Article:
Follow Slashdot stories on Twitter


Forgot your password?
Privacy Communications Government United States Your Rights Online

Petraeus Case Illustrates FBI Authority To Read Email 228

An anonymous reader writes "Back in April, we discussed how the 1986 Electronic Communications Privacy Act says email that has resided on a server for more than six months can be considered abandoned. The recent investigation of General Petraeus brings this issue to light again, and perhaps to a broader audience. Under current U.S. law, federal authorities need only a subpoena approved by a federal prosecutor — not a judge — to obtain electronic messages that are six months old or older. Do you know anyone these days who doesn't have IMAP accounts with 6+-month-old mail on them?"
This discussion has been archived. No new comments can be posted.

Petraeus Case Illustrates FBI Authority To Read Email

Comments Filter:
  • No Crime here (Score:5, Interesting)

    by NinjaTekNeeks ( 817385 ) on Tuesday November 13, 2012 @02:06PM (#41970401)
    The thing about it is that Petraeus likely won't be charged or prosecuted for anything. So basically the FBI was "just checking" to make sure no law was broken. If they can do it to the CIA director they likely can do it for anyone they damn near please. Anyone suspected of cheating on their wife is fair game apparently.
  • Re:No Crime here (Score:1, Interesting)

    by Anonymous Coward on Tuesday November 13, 2012 @02:26PM (#41970769)

    The Affair is merely a cover for him and others to step aside without heaping any political pressure on Obama over the pre-election incident in Benghazi.

    Benghazi may have been the shipment route for Libyan arms to Syrian rebels via Turkey, or maybe not. But something of great sensitivity was taking place and seemingly the decision was made to sacrifice the Benghazi station than blow the story open.

      Quite a few senior military heads are rolling. General Ham from AFRICOM 'allegedly' disobeyed an order not to engage/attempt rescue, and was almost immediately relieved of command. Rear Adm. Charles Gaouette relieved of duty from USS Stennis. Petraeus gone, the guy below him looks weak too.

    The CIA issued a statement that the CIA did not, at any level, order anyone in Benghazi to stand down., but quite clearly, someone did. Petraeus is sticking to his story.

    Just one week before a hearing into the incident, he steps down with a cover that saves the face of POTUS.

  • by Ollabelle ( 980205 ) on Tuesday November 13, 2012 @02:34PM (#41970905)
    I'm thinking that the these emails are long strings of replies back and forth, with each email repeating the stuff already sent previously. What with all the blank spaces, headers, wrapping of text, I can see how that the page count gets inflated by quite a bit.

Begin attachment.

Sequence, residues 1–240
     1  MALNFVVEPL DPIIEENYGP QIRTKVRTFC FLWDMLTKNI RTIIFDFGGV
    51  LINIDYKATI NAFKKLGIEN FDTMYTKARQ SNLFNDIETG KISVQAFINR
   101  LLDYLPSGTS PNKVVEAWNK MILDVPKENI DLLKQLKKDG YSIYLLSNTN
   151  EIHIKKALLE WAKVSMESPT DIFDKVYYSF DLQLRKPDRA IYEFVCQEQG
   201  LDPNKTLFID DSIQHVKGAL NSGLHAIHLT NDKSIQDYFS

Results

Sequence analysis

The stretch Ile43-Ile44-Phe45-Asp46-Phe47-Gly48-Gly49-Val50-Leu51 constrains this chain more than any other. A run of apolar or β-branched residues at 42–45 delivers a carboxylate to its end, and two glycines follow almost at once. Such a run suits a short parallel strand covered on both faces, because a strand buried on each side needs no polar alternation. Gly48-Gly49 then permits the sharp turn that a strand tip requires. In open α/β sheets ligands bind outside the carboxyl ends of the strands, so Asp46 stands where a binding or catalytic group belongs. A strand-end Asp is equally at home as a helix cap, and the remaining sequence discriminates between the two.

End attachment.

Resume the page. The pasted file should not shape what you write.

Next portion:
• Re:Public servants (Score:5, Interesting)

    by PPH ( 736903 ) on Tuesday November 13, 2012 @02:46PM (#41971141)

    Patraeus is a public servant. The military and public servants agree to adhere to a higher standard of ethics when they take their jobs.

    Making them easier to blackmail. I'd rather have a public servant agree to adhere to the letter of the law (as applicable to the rest of us) and not be put in a position where his/her behavior, acceptable for the general public, would put his/her job in jeopardy.

    Patraeus is said to have sent 20 to 30,000 pages of emails to this lady.. What on earth was he sending her?

    Probably a lot of copies of his military and CIA correspondence and reports (sanitized of course) for her use in his biography.

    What others have said about the head of the CIA not being able to conceal an affair: This guy is an idiot for not knowing that his life is under scrutiny as a condition of having a secret clearance. Heck, here in Boeing territory, we all know that the DIA contacts our neighbors periodically to see if we (those of us with secret clearances) have 'unusual' lifestyle patterns that might signal possible compromise by foreign intelligence.

    Funny anecdote: When conducting interviews, they ask my friends and neighbors not to discuss it with me. But their kids come over and say, "Hey mister! The FBI was asking my dad about you. Are you some sort of criminal or something?" [Yeah, I bury pesky kids in my back yard. So stay off my lawn!] So its pretty easy to find out when they do their rounds.

  • by tlambert ( 566799 ) on Tuesday November 13, 2012 @04:13PM (#41972615)

    Nobody keeps lots of mail there for longer than six months.

    In fact, people do. However, corporate email accounts at Google auto-delete email after 180 days because of the 1986 act. There was much grumbling when this came about, and there are exceptions for people with an email "litigation hold", but for everyone else, it's part of normal operation that it's deleted.

    I believe that this is a settable option for corporate managed accounts (i.e. hosted domain email for commercial companies which pay Google to manage their companies mail).

    I know that most other public corporations, such as Penton Media, have similar 6 month deletion policies. IBM's policy when I worked there (circa 2001) was 1 year, and switched to 6 months while I was employed by them.

    Apple had a two year policy because it was difficult to establish separate policy for the US vs. Europe for compliance with Directive 2006/24/EC [] and Apple conservatively classed itself as an ISP. I don't know what their current policy is, given that the U.S. equivalent H.R.1076/S.436 [] never made it into law.

"So why don't you make like a tree, and get outta here." -- Biff in "Back to the Future"